10,000 Girls Celebrate May Day In Prospect Park, 1919
I may not be 100 years old, but I do remember being in public school celebrating May Day with a traditional maypole dance.
May Day in New York has other connotations and since the 1890’s May Day has been known for communists, socialists, union activists and workers marching (sometimes together, sometimes separately) around the city protesting and trying to bring attention to their causes.
But here we see a time when the world was finally at peace, a few months after the conclusion of the Great War (World War I). Soldiers with their hats on can be seen in the extreme foreground observing and enjoying the festivities.
10,000 Girls in Brooklyn, N.Y. May Day fete
Shouts of joy ring through Prospect Park as happy children dance, play games and sing. Photo shows a general view of thousands of girls of the Brooklyn Girls’ Branch of the Public Schools Athletic League in their annual May Day fete in Prospect Park, Brooklyn, New York. (photo credit: Central News Photo Service May 2, 1919)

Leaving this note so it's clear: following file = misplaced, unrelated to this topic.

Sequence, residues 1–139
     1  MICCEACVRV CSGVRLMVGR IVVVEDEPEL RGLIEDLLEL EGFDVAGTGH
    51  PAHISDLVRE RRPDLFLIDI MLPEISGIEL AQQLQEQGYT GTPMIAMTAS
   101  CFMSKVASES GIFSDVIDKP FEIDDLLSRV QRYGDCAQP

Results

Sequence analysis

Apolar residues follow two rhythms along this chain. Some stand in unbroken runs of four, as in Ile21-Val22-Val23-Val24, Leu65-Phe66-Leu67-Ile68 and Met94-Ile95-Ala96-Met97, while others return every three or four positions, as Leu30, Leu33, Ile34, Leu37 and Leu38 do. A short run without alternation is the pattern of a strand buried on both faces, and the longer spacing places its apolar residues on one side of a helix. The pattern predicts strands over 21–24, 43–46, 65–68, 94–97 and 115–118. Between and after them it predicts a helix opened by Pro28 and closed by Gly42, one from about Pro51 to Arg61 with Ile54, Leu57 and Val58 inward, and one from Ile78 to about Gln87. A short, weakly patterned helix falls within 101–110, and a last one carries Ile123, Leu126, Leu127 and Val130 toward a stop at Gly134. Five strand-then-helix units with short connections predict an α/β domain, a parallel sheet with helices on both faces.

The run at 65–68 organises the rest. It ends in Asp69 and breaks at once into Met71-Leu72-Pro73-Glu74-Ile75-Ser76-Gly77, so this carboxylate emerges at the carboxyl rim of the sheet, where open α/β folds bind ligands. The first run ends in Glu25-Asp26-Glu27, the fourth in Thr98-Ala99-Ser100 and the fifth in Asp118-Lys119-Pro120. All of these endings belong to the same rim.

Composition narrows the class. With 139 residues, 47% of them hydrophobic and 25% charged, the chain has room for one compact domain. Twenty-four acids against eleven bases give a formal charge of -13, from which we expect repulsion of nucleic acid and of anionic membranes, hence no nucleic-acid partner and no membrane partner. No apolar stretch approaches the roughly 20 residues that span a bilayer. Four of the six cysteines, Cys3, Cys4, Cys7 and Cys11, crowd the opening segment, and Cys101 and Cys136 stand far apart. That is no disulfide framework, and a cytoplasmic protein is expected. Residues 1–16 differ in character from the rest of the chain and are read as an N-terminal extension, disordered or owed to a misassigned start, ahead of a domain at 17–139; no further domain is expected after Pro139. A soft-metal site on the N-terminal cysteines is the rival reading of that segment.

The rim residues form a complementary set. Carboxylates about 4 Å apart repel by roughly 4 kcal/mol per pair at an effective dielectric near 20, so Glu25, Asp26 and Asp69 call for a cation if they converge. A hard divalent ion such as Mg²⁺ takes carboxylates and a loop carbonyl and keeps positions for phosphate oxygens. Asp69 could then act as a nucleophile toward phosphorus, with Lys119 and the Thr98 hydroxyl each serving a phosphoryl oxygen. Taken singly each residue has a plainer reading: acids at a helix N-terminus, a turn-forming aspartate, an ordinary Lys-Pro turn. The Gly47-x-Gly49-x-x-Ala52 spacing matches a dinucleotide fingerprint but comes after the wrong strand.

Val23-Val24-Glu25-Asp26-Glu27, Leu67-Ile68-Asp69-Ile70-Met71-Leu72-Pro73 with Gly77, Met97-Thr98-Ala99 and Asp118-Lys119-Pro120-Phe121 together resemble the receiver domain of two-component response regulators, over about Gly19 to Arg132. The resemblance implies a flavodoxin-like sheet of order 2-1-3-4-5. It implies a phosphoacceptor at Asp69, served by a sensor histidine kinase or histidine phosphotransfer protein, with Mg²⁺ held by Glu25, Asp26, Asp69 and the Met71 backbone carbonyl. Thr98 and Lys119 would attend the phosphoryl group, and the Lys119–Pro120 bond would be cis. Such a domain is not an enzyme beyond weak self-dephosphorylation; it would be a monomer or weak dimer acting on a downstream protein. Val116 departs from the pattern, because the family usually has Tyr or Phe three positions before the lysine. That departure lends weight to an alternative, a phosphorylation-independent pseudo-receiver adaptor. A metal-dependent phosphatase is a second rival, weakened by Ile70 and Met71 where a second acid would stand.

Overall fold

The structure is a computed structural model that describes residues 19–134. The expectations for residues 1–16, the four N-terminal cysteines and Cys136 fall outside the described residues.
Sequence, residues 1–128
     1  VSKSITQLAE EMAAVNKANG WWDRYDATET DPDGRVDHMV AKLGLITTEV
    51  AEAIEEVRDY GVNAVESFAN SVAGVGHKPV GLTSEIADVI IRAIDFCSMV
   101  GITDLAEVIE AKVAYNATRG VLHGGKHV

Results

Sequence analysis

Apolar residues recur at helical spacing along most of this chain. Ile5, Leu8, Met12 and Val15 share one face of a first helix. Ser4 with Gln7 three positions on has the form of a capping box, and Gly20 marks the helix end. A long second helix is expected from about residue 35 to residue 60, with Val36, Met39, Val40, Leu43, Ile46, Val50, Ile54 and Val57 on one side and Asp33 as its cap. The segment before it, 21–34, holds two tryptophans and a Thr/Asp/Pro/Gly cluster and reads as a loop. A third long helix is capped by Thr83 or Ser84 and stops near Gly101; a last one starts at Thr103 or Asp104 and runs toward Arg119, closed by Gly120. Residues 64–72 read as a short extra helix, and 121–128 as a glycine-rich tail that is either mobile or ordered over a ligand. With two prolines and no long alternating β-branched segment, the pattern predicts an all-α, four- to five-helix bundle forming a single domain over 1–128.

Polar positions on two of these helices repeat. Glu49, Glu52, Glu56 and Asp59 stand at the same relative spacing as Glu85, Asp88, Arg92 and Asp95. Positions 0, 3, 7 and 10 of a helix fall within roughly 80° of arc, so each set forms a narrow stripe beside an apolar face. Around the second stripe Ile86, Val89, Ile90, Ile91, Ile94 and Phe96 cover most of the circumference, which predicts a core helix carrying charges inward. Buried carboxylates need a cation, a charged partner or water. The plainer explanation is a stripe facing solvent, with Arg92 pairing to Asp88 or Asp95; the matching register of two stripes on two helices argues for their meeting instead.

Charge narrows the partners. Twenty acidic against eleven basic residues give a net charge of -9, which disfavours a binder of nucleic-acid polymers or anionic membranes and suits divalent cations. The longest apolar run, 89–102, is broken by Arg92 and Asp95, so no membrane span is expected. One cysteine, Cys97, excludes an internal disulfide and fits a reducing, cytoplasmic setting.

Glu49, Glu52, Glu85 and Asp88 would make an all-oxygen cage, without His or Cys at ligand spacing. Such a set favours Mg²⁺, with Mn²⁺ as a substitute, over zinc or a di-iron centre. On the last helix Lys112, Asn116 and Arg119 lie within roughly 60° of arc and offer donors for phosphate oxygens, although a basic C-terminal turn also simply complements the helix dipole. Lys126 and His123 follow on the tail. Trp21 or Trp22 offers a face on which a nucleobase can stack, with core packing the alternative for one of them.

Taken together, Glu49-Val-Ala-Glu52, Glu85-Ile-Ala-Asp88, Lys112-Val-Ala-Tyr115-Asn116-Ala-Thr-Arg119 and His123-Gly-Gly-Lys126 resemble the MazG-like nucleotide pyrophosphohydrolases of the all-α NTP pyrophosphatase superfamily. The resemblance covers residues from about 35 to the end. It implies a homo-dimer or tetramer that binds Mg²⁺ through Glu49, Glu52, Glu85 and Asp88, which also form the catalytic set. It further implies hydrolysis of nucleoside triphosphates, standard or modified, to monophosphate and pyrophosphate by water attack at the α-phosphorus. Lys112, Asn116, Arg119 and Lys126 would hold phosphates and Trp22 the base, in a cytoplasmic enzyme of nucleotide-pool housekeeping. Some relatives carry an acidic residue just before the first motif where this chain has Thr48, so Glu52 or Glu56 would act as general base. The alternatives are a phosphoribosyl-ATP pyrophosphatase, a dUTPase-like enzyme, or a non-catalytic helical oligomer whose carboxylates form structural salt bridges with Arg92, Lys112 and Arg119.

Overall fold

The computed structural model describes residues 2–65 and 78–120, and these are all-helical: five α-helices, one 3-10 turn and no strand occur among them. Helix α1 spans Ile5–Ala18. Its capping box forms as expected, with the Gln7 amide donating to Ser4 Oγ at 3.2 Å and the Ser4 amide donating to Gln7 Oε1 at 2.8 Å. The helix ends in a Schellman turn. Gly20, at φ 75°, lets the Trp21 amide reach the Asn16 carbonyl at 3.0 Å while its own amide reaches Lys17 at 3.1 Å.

There are two groups that have a dawn maypole every May Day in New York City. My group, Ring O’Bells Morris puts up a pole and dances with anyone who makes the trek to our traditional location in Prospect Park. It’s a wonderful tradition, finishing with a potluck picnic breakfast and well on our way to normal work days by 8:15. We enter the park from Grand Army Plaza at 5:45 May Day morning, but if you’d like other details in advance, write to us at our facebook page. We dance an old English street performing tradition called Cotswold Morris.
Manhattanites may be able to find out about the Bouwerie Boys may pole by writing them. I don’t even know for sure what Manhattan park they use now for their may pole.
This is so cool. BTW, I just shared this article with my wife and she says she remembers being in public school celebrating May Day with a traditional maypole dance.